Fascinating. To think that a simple IQ test might be one of the most disruptive technologies available for dealing with the dysgenic Idiocracy! Devise a covert IQ test that can be used legally to sift through applicants, and strike a blow for freedom.

      Many other examples of “willful blindness” imposed by bureaucratic rules can be found, that handicap business and enterprise. Most businesses are beaten to a pulp if they openly defy these rules, so it is best to be covert.

      Sometimes locating in a different region will help, since levels of enforcement can vary depending upon where the business locates.

      In the short run, it is easier to submit to the Idiocracy. In the long run, creative ways to disrupt it will provide more time to create alternatives.

      • Hell_Is_Like_Newark says:

        My wife used a verbal IQ test of sorts when interviewing job applicants. She was getting frustrated as she kept getting new employees with good credentials, but little in the way of deductive reasoning, creativity, logic, etc. Basically she was getting stuck with people qualified for glorified data entry jobs when she needed someone who could think!

        I read that companies like Google and Apple were giving verbal tests during the interviews. An applicant would be asked something like, “How much would you charge to clean all the windows on every high rise in Manhattan”. The answer itself wasn’t important, but the the thought process to get an answer was. I turned over the article to the wife who then made up her own ‘thought process’ type questions.

        It worked.. she started getting better performing hires. The questioning weeded out the ones who couldn’t (or wouldn’t) think.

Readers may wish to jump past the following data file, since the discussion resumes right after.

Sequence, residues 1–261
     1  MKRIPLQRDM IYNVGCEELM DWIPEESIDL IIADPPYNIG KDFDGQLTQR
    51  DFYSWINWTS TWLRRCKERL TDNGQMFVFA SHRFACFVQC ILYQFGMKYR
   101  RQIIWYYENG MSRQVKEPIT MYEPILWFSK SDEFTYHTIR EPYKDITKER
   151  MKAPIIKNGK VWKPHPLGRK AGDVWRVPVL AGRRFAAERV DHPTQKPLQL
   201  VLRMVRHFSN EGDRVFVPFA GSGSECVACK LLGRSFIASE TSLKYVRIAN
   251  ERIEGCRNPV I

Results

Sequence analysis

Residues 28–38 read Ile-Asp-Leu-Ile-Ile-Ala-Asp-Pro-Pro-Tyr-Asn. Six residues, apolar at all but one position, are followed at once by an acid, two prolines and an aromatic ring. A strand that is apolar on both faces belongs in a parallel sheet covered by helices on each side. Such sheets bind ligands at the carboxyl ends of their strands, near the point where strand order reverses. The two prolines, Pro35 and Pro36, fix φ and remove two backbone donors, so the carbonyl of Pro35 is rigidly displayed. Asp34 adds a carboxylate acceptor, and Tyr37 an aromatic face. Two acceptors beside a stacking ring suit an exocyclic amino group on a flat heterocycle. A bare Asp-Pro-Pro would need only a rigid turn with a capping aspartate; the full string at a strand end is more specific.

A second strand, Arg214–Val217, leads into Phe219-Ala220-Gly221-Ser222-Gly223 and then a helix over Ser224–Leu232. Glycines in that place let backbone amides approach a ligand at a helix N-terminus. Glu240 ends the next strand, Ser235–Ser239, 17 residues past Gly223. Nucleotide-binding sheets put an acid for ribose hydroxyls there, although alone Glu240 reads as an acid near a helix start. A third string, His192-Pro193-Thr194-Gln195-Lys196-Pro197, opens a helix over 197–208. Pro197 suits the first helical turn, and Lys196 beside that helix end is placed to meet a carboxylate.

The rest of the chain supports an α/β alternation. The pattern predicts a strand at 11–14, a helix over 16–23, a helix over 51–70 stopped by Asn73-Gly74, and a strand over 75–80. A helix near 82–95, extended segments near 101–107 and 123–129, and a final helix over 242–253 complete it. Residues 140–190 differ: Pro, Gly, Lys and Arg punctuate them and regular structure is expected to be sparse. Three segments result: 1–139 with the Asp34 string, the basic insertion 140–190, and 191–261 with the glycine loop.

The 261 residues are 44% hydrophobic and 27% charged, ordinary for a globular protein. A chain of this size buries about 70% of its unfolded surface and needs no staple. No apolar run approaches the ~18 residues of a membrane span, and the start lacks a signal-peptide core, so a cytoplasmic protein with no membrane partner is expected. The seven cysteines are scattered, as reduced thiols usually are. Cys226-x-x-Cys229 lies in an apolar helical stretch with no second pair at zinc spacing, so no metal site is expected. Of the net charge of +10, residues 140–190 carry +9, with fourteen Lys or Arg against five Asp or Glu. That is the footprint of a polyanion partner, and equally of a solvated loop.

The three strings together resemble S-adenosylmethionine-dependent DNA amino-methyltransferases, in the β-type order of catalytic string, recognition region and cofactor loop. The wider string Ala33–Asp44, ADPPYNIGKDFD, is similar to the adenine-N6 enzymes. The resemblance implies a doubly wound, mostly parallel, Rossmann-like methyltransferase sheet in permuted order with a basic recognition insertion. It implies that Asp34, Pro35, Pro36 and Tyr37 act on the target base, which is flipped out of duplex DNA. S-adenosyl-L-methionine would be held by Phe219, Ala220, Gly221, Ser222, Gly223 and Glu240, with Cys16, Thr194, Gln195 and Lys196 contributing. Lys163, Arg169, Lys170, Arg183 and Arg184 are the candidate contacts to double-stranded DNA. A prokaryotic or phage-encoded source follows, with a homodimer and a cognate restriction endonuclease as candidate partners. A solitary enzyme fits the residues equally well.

IMHO, we are becoming an over credentialed society. My field is really bad in this regards. If you are willing to spend money and take a test, you can have an alphabet soup of letters after your name that indicates some sort of accreditation.

        Frankly, I think the only people who win with this are the people collecting the accreditation fees. To me the alphabet soup tells me you spend money, are patient enough to sit through endless classes, and take willing to take a lot of tests. It really doesn’t tell me what you are capable of.

        • Hell_Is_Like_Newark says:

          Arrrg! I wish I could edit posts. “and willing to take a lot of tests”

      • Abelard Lindsey says:

        A company in the U.S. can legally test applicants for a job providing the test subject matter relates to the job (e.g. a test for a programming job can have sample programming questions on it). Microsoft and Apple were well-known for devising tests that could test the mental agility of an application during the 90’s because their tests were related to programming.

        IQ tests are illegal because they are generalized tests that do not directly relate to the work being performed in the job in question.